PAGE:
Astronomers have found an exoplanet 20 percent larger than Jupiter that orbits its star every 18 hours, subjecting the world to enormous, probably fatal gravitational stress and hellish temperatures averaging around 1,000 degrees Celsius (1,800 Fahrenheit). It may be at the end point of a long migration from the outer reaches of its solar system.
Located about 1,000 light years from Earth, the planet, known as NGTS-10b, was discovered by the Next-Generation Transit Survey based at the Paranal Observatory in Chile. The survey is intended to discover exoplanets down to the size of Neptune by studying how a host star’s light dims slightly as a planet moves in front of its disc – transits – as viewed from Earth.
“We’re excited to announce the discovery of NGTS-10b, an extremely short period Jupiter-sized planet orbiting a star not too dissimilar from our Sun,” said James McCormac of the University of Warwick Department of Physics and lead author of a paper in Monthly Notices of the Royal Astronomical Society.
“Although in theory hot Jupiters with short orbital periods are the easiest to detect due to their large size and frequent transits, they have proven to be extremely rare. Of the hundreds of hot Jupiters currently known there are only seven that have an orbital period of less than one day.”
Astronomers theorise that Jupiter-class planets form far from their host suns and migrate inward due to interactions with the planetary disc in which they formed or from gravitational interactions with other planets later in their lives. NGTS-10b is now so close to its star that if it orbited the Sun, it would be 27 times closer than Mercury.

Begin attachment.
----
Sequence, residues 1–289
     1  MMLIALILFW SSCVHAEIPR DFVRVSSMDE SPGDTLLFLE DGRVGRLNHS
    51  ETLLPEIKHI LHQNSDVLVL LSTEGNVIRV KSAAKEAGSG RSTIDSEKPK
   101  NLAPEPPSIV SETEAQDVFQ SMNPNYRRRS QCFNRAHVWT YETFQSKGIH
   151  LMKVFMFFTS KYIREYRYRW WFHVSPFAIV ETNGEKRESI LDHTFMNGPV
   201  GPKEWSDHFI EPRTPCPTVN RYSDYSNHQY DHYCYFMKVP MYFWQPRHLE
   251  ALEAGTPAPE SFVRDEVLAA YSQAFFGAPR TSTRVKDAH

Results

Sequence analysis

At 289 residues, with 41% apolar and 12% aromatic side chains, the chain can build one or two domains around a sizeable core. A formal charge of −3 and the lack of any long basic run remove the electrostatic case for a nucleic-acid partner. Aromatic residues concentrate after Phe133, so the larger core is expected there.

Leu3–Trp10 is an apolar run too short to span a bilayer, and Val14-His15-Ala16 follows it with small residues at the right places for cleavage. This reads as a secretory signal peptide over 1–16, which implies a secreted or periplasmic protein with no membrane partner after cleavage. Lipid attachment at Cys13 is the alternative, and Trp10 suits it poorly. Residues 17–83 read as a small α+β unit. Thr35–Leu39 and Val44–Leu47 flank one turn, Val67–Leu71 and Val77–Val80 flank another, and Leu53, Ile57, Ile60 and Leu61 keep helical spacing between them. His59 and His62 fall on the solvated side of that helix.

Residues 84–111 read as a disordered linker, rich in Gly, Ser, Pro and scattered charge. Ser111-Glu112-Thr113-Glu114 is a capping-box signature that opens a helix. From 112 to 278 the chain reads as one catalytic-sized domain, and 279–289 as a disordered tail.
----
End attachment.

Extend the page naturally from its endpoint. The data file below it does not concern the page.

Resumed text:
“It’s thought that these ultra-short planets migrate in from the outer reaches of their solar systems and are eventually consumed or disrupted by the star,” said co-author David Brown. “We are either very lucky to catch them in this short period orbit, or the processes by which the planet migrates into the star are less efficient than we imagine, in which case it can live in this configuration for a longer period of time.”
The researchers plan to keep tabs on NGTS-10b over the next decade to find out whether the planet will remain in a stable orbit or spiral inward to its doom.
“If we could see the orbital period start to decrease and the planet start to spiral in, that would tell us a lot about the structure of the planet that we don’t know yet,” said co-author Daniel Bayliss.
“Everything that we know about planet formation tells us that planets and stars form at the same time,” he said. “The best model that we’ve got suggests that the star is about 10 billion years old and we’d assume that the planet is, too. Either we are seeing it in the last stages of its life, or somehow it’s able to live here longer than it should.”